Military divorces can be complicated and involve many rules. Military spouses have certain benefits that are not afforded to other divorced spouses, such as housing allowances and health care coverage.
If you are a military spouse who is planning on getting divorced, you should consult with an attorney before proceeding. This article will discuss what military spouses are entitled to in a divorce and what they can expect. Keep reading to learn more!
Military Divorce Rate
The divorce rate among military couples has been steady between three and three and a half percent for the past four years. Military divorce rates are only marginally higher than the overall divorcing rate in the U.S. The average divorce rate in the U.S. is 2.9 percent.
However, women in the military tend to divorce at higher rates than men. Military women are twice as likely to divorce as their male counterparts.
Those who deploy more frequently and for longer stretches of time are also more likely to get divorced. There has even been a link found between higher divorce rates and deployments that involved combat and weapons use.
However, statistics like the ones above might be misleading. To obtain accurate statistics, we need to consider the similarities and differences among people who have gone through a divorce – both civilians and service members. An accurate study requires data on other factors such as age, education, race, and socioeconomic status.
Impact of Legal Separation on Entitlement to Military Benefits
The Department of Defense generally treats a legally separated military spouse as married for purposes of entitlement to benefits. There are, however, some exceptions that may affect eligibility for certain types of benefits:
Transitional compensation is not payable when an individual has been separated from active duty status, and the marriage has been dissolved by court decree or divorce. Transitional compensation payments cease at the point where it would be inequitable to continue them – either when separation occurs less than 180 days after discharge from active duty service or if one member elects lump-sum retirement.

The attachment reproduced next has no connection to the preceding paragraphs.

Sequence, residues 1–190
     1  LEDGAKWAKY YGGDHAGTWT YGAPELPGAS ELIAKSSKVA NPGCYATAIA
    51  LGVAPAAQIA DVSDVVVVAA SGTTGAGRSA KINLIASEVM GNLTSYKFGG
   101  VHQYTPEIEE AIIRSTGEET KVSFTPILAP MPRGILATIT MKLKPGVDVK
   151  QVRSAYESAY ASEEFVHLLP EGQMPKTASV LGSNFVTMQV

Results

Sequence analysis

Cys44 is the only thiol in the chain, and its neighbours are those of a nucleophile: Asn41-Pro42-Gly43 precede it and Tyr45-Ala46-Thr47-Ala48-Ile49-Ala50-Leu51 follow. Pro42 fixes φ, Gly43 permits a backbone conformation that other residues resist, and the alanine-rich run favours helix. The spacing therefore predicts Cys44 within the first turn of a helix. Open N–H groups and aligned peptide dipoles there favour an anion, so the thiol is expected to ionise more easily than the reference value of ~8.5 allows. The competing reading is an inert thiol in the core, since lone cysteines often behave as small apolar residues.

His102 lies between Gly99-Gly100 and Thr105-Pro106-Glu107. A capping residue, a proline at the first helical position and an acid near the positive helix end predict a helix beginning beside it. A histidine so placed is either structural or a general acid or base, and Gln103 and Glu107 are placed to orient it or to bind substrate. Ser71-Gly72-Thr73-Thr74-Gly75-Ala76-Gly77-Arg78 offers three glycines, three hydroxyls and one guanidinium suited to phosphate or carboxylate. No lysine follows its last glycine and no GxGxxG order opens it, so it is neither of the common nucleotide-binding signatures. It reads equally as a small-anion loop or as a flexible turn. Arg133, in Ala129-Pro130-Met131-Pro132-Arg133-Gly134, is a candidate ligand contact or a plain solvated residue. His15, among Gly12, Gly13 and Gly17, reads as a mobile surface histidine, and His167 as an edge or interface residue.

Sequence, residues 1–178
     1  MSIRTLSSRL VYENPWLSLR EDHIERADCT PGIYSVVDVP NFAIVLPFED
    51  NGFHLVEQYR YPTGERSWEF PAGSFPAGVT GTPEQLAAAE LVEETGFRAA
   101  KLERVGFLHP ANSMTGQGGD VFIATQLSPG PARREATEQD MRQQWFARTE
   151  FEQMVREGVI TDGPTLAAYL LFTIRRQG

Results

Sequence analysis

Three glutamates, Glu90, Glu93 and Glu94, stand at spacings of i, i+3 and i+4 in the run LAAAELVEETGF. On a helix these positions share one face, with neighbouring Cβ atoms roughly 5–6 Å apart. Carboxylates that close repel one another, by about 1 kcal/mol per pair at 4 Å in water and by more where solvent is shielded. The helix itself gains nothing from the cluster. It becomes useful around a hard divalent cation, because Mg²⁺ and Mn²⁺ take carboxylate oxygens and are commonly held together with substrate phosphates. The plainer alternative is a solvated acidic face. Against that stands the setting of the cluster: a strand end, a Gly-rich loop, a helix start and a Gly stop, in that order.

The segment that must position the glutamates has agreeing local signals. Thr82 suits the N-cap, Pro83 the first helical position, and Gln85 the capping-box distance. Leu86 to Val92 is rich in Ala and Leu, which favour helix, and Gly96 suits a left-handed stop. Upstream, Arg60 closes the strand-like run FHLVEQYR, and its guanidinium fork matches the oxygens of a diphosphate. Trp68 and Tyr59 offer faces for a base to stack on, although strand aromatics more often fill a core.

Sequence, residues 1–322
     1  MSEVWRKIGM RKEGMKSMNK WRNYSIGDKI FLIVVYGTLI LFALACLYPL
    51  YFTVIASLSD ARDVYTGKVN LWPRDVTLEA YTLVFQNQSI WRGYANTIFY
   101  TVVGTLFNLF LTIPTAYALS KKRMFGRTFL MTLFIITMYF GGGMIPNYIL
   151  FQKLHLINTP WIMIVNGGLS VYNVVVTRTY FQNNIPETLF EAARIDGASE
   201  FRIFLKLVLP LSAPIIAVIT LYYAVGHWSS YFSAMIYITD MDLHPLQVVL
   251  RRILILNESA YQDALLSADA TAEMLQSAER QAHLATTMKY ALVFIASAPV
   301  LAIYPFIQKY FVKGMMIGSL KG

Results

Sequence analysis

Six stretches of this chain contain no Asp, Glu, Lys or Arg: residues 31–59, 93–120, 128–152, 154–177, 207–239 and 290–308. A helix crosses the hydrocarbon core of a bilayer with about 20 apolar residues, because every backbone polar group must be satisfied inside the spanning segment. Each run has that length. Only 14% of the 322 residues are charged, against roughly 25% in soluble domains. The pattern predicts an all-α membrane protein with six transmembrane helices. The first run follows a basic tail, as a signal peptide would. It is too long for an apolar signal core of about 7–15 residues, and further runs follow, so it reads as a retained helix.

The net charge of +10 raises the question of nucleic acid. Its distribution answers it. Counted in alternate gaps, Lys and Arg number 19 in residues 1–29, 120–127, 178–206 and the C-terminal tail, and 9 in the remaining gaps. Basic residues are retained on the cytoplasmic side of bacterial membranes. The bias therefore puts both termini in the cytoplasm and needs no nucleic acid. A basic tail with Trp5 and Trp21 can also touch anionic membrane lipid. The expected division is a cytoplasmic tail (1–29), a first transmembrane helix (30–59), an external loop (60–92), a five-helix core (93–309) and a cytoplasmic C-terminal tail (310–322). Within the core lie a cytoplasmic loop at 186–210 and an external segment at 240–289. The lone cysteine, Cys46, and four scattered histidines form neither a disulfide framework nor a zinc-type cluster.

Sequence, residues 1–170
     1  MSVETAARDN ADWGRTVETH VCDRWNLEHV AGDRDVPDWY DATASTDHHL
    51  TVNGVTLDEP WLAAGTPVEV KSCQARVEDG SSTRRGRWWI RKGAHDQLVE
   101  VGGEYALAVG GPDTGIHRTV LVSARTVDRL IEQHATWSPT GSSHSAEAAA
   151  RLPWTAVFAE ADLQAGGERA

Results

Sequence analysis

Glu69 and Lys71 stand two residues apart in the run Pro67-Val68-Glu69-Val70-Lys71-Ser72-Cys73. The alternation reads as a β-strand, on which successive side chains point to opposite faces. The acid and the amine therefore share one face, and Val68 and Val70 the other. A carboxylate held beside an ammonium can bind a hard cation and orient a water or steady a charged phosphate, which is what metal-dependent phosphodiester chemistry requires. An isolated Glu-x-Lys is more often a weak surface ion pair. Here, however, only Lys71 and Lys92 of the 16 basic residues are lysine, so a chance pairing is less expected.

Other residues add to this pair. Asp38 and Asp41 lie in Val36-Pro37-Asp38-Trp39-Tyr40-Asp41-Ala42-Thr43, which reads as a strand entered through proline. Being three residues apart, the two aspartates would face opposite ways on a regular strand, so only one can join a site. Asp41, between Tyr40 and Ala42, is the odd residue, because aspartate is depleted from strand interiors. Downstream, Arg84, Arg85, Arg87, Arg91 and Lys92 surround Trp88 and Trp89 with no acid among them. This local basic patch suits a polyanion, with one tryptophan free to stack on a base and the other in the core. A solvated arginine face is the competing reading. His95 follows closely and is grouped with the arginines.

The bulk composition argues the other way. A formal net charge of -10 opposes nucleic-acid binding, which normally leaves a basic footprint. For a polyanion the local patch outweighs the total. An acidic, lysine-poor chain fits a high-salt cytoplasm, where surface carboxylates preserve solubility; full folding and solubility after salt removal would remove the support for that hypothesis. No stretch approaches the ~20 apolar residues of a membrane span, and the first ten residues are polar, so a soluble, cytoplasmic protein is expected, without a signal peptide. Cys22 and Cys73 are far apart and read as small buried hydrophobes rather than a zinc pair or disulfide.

For example, a legally-separated spouse keeps their ID card, as well as access to all benefits, except that military retirement and Social Security benefits are decided at the time of the legal separation.
Thrift Savings Plan (TSP)
Military members have had access to Thrift Savings Plans for years, which are defined contribution plans, similar to 401(k) plans sponsored by employers. Military members contribute to their TSP funds, and the amount contributed is deducted from their monthly pay.
Military spouses are not eligible for a Thrift Savings Plan until they become vested. Once military spouses have at least five years of service with an employer, he or she becomes vested in the retirement savings plan and can make contributions that will reduce taxes on withdrawals made when they retire.
As part of divorce proceedings, courts may also order one spouse to transfer any pension benefits held by him or her to his/her ex-wife as part of a property settlement agreement.
VA Disability Payments